A section 35 order can only be made under limited circumstances. In this instance, the UK government has made the order under section 35(1)(b) of the Scotland Act. This concerns bills which the UK government believes “make modifications of the law as it applies to reserved matters” and which the UK government has “reasonable grounds to believe would have an adverse effect on the operation of the law as it applies to reserved matters”. The UK government is required to set out its reasons for making this argument.

In its reasoning the UK government appears to accept that the Scottish parliament has the power to amend the Gender Recognition Act 2004 as it applies to Scotland. Its main objection to the Scottish bill is that the specific modifications it proposes affect a reserved matter – equal opportunities laws as set out in the 2010 Equality Act. While gender reassignment is a devolved matter for Scotland, equal opportunities is a reserved matter, and therefore something that can only be changed at Westminster.

What is the UK government’s argument against Scotland’s changes?

According to the UK government, the bill could exacerbate (mostly existing) issues involving clubs and associations that have rules relating to gender, the public sector equality duty, equal pay and the application of exceptions for both sex and gender reassignment.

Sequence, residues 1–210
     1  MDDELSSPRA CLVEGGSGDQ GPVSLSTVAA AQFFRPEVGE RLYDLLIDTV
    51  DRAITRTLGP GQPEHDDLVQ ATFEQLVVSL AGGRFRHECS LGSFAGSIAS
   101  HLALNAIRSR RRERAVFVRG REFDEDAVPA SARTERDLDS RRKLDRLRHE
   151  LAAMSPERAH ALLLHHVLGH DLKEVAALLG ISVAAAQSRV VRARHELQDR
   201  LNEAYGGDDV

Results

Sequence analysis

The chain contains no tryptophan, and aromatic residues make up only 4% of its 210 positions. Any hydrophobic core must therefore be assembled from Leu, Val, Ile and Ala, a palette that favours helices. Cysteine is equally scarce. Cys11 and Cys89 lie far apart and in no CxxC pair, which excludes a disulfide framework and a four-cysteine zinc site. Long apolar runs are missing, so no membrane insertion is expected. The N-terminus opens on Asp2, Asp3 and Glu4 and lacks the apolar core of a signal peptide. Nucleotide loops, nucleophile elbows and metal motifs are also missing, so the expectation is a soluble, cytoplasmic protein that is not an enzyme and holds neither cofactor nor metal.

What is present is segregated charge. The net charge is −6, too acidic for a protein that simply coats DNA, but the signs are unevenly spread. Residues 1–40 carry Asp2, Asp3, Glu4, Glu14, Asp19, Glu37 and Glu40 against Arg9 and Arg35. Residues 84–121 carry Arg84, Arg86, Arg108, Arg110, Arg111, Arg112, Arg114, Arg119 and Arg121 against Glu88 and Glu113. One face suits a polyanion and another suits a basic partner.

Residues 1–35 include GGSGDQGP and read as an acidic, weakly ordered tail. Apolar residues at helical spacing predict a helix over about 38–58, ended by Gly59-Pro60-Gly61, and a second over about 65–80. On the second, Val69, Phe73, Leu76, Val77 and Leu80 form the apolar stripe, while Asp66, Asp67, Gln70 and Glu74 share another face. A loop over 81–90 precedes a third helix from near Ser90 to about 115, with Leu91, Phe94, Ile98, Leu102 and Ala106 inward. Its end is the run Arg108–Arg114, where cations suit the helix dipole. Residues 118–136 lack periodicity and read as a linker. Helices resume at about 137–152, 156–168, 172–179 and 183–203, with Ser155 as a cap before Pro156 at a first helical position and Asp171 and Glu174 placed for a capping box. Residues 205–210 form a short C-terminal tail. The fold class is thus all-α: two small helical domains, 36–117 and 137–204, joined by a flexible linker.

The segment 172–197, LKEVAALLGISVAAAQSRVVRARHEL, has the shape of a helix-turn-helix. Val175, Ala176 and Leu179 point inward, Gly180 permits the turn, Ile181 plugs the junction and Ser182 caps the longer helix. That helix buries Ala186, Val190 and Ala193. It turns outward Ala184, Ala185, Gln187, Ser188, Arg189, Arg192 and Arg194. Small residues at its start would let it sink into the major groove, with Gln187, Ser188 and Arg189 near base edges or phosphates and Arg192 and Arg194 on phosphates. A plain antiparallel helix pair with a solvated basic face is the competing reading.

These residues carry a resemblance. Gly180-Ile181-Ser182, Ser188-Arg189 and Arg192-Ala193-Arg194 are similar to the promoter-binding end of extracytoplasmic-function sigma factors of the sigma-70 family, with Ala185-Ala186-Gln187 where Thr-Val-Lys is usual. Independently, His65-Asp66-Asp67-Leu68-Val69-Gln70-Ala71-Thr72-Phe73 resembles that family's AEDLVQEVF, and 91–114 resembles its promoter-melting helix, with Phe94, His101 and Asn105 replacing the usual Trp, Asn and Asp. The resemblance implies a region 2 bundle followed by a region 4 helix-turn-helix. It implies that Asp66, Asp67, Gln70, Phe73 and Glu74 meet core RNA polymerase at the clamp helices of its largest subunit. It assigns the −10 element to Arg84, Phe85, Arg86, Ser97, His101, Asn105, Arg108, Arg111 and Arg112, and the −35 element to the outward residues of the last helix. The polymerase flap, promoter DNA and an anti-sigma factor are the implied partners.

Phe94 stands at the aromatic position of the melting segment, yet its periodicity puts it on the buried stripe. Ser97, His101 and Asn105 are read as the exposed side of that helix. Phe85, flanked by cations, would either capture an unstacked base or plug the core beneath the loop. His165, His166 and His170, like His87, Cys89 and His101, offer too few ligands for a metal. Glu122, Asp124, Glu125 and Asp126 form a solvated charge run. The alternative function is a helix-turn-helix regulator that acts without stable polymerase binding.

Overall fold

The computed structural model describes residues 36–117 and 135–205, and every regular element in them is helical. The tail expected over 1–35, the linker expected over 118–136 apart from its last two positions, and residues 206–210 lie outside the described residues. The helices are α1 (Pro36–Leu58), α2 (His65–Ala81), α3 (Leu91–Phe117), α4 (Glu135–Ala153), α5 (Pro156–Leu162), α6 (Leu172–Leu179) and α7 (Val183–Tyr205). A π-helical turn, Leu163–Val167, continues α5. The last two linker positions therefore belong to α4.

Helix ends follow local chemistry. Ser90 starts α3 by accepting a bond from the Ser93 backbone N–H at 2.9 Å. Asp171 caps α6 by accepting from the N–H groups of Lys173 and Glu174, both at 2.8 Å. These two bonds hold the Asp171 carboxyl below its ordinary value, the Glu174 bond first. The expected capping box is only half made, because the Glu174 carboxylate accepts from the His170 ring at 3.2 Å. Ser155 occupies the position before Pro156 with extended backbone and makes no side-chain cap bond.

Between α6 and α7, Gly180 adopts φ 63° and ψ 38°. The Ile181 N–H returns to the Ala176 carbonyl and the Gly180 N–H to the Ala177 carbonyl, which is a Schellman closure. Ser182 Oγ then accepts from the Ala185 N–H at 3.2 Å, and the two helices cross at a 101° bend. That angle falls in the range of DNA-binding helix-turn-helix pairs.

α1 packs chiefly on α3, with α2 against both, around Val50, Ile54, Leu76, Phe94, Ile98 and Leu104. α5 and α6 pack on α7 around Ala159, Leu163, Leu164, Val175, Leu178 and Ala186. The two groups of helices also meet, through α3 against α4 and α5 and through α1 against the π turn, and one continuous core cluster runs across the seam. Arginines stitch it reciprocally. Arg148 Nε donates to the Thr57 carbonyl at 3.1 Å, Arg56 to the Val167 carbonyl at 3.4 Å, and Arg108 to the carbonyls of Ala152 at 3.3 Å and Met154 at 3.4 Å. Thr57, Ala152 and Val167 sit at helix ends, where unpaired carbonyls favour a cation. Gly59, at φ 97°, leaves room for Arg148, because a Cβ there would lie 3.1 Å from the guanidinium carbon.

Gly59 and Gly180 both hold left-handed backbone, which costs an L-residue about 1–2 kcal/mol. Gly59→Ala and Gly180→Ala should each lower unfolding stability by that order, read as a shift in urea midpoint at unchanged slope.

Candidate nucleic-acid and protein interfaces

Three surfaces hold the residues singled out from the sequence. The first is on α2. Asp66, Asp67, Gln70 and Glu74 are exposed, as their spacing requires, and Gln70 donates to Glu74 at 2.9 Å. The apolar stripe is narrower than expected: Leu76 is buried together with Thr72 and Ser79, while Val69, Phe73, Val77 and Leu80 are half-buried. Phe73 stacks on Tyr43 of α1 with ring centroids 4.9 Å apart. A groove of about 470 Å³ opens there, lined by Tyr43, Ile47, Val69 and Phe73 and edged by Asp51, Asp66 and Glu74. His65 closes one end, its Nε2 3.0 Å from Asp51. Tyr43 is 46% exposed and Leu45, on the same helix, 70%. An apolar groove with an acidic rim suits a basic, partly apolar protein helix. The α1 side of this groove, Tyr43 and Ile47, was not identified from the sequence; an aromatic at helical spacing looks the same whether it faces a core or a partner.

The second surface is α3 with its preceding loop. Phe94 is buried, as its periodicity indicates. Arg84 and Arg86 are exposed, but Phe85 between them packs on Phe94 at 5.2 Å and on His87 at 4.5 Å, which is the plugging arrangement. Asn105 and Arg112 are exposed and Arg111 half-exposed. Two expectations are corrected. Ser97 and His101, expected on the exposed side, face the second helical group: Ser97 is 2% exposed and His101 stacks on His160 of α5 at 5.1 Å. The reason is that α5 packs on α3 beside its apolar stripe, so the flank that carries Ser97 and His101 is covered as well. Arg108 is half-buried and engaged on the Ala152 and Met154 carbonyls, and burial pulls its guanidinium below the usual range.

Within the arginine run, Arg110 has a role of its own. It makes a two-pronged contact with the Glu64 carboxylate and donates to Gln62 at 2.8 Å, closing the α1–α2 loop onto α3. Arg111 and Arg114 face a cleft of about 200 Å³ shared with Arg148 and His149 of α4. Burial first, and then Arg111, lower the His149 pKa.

The UK government also argues that the Scottish bill creates a new problem for schools because single-sex schools would be at greater risk of direct gender reassignment discrimination should they refuse admission to someone with a gender recognition certificate. This may have a further administrative impact and safeguarding risk for schools in England, especially near the Scottish border, which take in both Scottish and English pupils.

The UK government also says it is concerned that changing the way gender recognition certificates are granted in Scotland would mean it would be implementing a different system to the rest of the UK. As a result, a person could have one legal sex in Scotland but a different one in the rest of the UK. According to the UK government, this is likely to have adverse consequences on other reserved matters, such as the administration and management of tax, benefits and state pensions.

By making it easier to change legal sex in Scotland without a medical diagnosis and without evidence of living in their acquired gender for two years, the UK government also contends that the proposed Scottish system is more open to abuse, thus potentially making, for instance, sex-segregated spaces more unsafe for women and girls and therefore discouraging them from using them.